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Ranging through biology, history, and psychology, Daniel C. Dennett charts religion’s evolution from “wild” folk belief to “domesticated” dogma. Not an antireligious creed but an unblinking look beneath the veil of orthodoxy, Breaking the Spell will be read and debated by believers and skeptics alike.
Customer ReviewsMost Helpful
By Don Caliente on 07-14-14
Great Reader Actually Enhances A Great Book!
If you could sum up Breaking the Spell in three words, what would they be?
Insightful, Accessible and ... Spell-binding (not to be too cheeky)
What was the most compelling aspect of this narrative?
Thoroughly, this book hits the points so often touched upon by his contemporaries (M. Shermer, J. Campbell, K. Armstrong, S. Pinker, etc.) without getting too off-topic or muddled down in details. Colorful analogies and examples abound.
What about Dennis Holland’s performance did you like?
I am always wary of readers compromising a beloved author's book. Here, Holland (who already sounds quite a bit like Dennett) speaks with personality and style that capture Dennett's wit and adds the punch it deserves. A+
Did you have an extreme reaction to this book? Did it make you laugh or cry?
This book attempts to explain religion, not scold it. No play for emotions here, as in the tomes of his fellow "horsemen" (Dawkins, Harris, Hitchens), the mood is that of a philosopher, calm, serene and much more respectful. (not that that's much of a competition) This is, perhaps, the best of the four for a believer taking their first skeptical view.
Any additional comments?
Recommended follow-up/ companion audio-book:The Evolution of God by Robert Wright. (read by another talented reader Arthur Morey).
18 of 19 people found this review helpful
By sam on 02-29-16
An excellent introduction to be origins of religion and belief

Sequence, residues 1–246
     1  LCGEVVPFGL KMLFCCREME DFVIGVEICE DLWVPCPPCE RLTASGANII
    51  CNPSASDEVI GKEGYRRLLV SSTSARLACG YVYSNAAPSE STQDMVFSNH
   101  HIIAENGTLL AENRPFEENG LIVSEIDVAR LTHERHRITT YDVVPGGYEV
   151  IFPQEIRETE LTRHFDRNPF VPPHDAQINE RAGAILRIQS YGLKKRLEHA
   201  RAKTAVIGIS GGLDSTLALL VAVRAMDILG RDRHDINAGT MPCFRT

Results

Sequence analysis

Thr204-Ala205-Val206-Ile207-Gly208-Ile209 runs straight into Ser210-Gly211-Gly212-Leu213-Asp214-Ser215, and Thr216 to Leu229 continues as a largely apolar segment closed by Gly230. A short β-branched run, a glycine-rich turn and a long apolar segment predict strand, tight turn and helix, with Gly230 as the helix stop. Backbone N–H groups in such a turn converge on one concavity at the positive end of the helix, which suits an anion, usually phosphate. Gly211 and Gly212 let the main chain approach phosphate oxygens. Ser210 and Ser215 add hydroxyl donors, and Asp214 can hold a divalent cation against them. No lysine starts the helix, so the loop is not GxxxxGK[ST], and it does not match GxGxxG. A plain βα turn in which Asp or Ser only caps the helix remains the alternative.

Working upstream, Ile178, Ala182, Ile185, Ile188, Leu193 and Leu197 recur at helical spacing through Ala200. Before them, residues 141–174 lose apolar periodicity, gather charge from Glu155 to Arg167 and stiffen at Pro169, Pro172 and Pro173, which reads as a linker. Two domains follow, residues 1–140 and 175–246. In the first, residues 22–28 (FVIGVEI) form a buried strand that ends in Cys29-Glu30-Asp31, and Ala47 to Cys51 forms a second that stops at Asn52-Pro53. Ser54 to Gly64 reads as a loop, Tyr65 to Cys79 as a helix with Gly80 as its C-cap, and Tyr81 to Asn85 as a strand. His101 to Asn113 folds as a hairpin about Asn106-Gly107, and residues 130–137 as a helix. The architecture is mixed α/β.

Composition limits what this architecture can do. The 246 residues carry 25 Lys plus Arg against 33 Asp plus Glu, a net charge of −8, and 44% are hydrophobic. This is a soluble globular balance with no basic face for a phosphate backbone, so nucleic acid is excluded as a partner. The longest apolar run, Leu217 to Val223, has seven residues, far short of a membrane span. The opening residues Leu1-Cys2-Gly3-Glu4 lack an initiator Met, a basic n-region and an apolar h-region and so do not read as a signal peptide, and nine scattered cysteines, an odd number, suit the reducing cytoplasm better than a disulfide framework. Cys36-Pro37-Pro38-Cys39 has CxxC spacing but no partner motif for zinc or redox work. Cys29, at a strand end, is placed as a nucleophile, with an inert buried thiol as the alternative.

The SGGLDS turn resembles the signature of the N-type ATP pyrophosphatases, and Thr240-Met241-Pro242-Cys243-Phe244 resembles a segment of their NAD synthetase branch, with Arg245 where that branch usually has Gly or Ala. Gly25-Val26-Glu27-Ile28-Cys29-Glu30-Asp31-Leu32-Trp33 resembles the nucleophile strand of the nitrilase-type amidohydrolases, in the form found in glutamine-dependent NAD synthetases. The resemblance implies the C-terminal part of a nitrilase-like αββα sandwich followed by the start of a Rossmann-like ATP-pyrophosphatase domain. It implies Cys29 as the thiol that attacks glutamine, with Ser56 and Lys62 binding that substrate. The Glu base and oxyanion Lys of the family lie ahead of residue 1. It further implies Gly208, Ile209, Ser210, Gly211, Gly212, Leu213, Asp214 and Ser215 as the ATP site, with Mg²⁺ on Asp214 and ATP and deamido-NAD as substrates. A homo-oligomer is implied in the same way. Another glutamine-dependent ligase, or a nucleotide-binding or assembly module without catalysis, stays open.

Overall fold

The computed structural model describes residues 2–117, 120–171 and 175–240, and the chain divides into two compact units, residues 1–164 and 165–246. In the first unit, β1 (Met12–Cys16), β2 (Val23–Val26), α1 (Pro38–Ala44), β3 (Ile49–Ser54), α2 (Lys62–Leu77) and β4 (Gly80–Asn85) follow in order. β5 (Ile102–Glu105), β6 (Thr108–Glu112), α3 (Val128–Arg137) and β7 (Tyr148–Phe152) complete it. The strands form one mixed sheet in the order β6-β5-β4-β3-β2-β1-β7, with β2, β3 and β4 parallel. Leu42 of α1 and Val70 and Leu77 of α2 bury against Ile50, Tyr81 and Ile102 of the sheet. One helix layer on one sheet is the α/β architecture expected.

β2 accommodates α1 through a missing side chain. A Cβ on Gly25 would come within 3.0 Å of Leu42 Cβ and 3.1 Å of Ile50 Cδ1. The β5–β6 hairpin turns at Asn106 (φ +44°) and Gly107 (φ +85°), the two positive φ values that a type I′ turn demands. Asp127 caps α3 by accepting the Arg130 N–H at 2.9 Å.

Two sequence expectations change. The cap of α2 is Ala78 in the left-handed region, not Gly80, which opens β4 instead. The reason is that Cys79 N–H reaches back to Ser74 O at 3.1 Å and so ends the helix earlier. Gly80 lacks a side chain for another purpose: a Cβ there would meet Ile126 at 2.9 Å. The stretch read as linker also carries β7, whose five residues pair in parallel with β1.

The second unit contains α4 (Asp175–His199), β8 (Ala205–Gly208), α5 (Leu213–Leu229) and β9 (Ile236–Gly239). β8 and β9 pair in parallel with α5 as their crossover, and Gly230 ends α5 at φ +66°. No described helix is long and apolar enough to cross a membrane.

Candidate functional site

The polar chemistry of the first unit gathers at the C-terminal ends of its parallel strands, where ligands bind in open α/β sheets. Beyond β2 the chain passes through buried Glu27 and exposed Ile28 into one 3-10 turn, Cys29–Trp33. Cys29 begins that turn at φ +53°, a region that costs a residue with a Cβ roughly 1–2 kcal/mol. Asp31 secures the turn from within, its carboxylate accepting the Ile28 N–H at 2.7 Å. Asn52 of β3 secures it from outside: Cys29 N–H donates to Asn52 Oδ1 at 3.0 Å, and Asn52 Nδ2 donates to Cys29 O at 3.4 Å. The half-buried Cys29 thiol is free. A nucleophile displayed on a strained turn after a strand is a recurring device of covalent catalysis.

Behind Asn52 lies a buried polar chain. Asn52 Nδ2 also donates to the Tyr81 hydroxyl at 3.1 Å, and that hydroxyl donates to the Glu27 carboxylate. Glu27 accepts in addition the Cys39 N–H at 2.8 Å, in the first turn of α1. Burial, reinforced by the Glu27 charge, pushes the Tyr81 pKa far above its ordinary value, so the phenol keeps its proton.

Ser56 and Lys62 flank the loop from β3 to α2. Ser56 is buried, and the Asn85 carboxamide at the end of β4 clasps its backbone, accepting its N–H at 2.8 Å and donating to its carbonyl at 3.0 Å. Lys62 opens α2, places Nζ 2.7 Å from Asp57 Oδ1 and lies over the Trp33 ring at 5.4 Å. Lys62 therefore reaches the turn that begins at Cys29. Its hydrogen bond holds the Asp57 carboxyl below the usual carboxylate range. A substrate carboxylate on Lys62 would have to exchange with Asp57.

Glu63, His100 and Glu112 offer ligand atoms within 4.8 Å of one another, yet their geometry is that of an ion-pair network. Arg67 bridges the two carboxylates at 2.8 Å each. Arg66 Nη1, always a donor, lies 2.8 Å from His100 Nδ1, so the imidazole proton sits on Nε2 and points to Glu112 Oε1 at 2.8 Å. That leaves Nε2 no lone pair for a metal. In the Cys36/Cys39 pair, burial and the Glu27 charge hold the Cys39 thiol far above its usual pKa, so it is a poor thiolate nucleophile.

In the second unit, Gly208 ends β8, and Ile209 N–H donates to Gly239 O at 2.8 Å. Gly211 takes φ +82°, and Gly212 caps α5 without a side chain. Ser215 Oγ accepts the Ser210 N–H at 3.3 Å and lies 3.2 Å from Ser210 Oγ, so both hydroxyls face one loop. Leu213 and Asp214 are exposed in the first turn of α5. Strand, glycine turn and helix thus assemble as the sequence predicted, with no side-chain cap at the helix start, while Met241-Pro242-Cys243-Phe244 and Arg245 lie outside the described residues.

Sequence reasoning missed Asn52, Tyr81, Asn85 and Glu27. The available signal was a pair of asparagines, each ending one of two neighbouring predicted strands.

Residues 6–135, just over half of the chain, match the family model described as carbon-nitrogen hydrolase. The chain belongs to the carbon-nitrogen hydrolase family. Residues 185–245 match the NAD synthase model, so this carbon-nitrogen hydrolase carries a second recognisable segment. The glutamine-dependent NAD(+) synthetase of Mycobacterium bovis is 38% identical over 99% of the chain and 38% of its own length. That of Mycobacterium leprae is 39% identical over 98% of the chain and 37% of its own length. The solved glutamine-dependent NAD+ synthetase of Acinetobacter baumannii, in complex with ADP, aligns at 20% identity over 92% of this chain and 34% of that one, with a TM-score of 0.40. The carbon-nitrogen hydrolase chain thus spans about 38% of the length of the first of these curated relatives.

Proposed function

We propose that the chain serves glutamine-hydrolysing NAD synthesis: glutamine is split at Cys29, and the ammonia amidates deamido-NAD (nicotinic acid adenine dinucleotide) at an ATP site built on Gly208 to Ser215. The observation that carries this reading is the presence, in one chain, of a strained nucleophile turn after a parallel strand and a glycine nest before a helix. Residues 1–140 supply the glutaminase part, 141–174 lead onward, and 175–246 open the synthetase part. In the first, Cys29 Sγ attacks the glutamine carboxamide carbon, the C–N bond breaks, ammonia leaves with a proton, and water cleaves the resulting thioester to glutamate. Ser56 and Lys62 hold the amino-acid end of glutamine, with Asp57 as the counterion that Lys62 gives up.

Excellent introduction to the objective study of religion and belief. Dennett is surely the most gentle of the new atheists, almost annoyingly so to someone like myself who read happily through Harris, Dawkins and Hitchens. I realize I am not the only audience here, however. Dennett doesn't spend much if any time making the atheism argument - the book is an intellectual defense of his proposed study of religion as a natural phenomenon. Rather than a book about atheism, this is more like a book on the lens through which atheists see the world and the great problems of civilization. I would definitely recommend Dennett to someone interested in non-religious thought, but for whom Harris/Hitchens/Dawkins might be to shocking at first.
7 of 7 people found this review helpful
Customer ReviewsMost Helpful
By Robert on 12-04-16
Poor narration cheapens an otherwise great book
Daniel C Dennets book is well thought through and follows a process much more clearly that other in the genre. Unfortunately the narration is monotonous and such poor pronunciation as Kooee bono for Qui Bono grates in ears used to Latin. Please can Audible create a new edition read by a more adept reader and offer to upgrade people who own this edition for free?
1 of 1 people found this review helpful
By matt123 on 02-21-15
Interesting Let down by narrator
Struggled to finish.Ifound the narrator incredibly boring. Didn't make it interesting at all. Shame Dennett doesn't do it
2 of 3 people found this review helpful